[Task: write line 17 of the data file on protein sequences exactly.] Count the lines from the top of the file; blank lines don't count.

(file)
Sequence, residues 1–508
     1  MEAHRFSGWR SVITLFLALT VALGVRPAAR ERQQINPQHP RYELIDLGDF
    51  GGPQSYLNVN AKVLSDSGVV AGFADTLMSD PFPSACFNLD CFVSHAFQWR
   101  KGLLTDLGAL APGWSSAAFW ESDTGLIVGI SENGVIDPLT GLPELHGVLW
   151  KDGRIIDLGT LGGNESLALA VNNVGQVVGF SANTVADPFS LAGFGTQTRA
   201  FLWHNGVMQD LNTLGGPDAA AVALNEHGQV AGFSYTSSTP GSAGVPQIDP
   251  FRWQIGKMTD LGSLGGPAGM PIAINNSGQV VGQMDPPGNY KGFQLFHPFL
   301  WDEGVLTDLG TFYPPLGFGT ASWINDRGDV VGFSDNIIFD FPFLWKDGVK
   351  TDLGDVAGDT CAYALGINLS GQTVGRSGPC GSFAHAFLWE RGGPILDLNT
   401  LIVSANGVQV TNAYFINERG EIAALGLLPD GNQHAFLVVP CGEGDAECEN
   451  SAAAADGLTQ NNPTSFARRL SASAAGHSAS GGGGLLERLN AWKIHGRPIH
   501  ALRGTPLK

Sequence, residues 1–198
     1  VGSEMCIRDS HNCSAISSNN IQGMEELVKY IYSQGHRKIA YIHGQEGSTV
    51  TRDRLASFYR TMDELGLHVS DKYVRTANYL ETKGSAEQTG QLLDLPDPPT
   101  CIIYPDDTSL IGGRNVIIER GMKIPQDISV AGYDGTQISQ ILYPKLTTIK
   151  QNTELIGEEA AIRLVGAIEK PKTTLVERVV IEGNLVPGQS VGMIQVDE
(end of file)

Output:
   151  QNTELIGEEA AIRLVGAIEK PKTTLVERVV IEGNLVPGQS VGMIQVDE